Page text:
South Carolina leads the way in coal ash cleanup.
An environmental group announced Tuesday that over 2 million tons of coal ash have been removed from the banks of the Wateree River as a cleanup effort wraps up at a now-defunct power plant near Eastover.
Ash is the name given to waste products of coal plants. South Carolina Electric and Gas reached an agreement to remove the material at its Wateree plant after a 2012 lawsuit by the Southern Environmental Law Center and other organizations.
SELC senior attorney Frank Holleman said hazardous minerals like lead, mercury and arsenic can seep out of the unlined dykes used to hold in the ash and can seep into the groundwater where it mixes with the state’s rivers. SCE&G did not line its older ponds at the facility to prevent seepage, which is now considered best practice.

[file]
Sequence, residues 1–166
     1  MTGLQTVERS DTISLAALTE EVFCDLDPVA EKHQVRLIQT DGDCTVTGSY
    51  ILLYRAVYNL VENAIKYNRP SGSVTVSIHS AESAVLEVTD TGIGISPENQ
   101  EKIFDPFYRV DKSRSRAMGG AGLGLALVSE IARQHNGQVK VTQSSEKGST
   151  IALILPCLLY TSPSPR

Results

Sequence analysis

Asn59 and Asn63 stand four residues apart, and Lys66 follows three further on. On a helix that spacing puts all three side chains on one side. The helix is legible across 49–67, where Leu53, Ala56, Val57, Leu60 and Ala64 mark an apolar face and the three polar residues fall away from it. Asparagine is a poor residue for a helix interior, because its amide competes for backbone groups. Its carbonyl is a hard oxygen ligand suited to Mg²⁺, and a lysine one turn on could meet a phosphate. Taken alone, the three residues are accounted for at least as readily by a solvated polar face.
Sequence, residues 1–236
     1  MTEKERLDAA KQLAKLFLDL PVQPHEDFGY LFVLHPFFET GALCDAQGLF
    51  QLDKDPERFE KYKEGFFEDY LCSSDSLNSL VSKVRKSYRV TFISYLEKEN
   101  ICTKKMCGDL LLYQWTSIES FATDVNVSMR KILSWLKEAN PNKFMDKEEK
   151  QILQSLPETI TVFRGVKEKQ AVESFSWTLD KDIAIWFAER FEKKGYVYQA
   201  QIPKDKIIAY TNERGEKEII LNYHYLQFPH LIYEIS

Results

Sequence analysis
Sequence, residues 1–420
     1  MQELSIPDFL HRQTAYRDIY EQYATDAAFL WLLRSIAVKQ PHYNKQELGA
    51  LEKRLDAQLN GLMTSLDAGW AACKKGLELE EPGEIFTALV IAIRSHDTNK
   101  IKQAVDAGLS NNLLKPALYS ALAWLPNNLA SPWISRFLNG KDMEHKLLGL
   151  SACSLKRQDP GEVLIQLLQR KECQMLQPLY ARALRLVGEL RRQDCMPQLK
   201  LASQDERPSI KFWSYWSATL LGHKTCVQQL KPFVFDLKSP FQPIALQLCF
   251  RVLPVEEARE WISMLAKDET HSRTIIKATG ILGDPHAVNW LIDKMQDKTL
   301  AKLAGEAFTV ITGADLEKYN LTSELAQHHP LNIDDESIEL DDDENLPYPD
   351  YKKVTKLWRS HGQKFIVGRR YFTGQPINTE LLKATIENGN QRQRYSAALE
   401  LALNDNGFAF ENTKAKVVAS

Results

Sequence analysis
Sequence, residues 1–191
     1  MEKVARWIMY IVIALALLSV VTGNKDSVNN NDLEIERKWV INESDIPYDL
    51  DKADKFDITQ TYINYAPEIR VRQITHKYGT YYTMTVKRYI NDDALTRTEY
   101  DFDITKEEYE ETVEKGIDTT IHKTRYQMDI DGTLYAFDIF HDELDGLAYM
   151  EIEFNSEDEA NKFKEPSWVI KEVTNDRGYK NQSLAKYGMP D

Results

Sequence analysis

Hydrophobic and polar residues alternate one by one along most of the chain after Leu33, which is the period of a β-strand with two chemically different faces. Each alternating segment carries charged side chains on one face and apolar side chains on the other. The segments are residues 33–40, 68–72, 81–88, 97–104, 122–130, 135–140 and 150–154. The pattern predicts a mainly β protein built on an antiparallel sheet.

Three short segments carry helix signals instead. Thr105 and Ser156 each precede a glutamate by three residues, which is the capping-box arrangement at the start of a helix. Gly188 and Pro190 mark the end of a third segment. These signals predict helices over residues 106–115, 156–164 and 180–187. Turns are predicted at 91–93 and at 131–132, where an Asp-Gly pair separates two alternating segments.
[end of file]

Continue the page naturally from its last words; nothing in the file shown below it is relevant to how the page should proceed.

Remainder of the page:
Holleman said the heavy-minerals like arsenic are, “substances you do not want in your rivers, or your fish, or your drinking supplies, or your body or the bodies’ of your children and your family members.”
Holleman said the clean up of the Wateree site dropped arsenic levels in the river by nearly 90 percent.
“Now in all the monitoring wells, except one, it is within our South Carolina standard of 10 parts per billion,” Holleman said.
As a result of a 2012 lawsuit brought on by the Catawba Riverkeeper and SELC, SCE&G pledged to clean up several sites across the state. So far nearly 90 percent of the estimated 2.4 million tons of coal ash on the Wateree River have been removed.
The cleanup by SCE&G makes South Carolina a model for the rest of the country, Holleman said. “We have a stronger state environmental law and the communities around the state have pressed our utilities to clean up their coal ash.” South Carolina is somewhat unique among coal power states in that all of its utilities have reached agreements to remove coal ash from shuttered facilities.
SELC encourages companies to store coal ash in safer methods like mixing it into cement.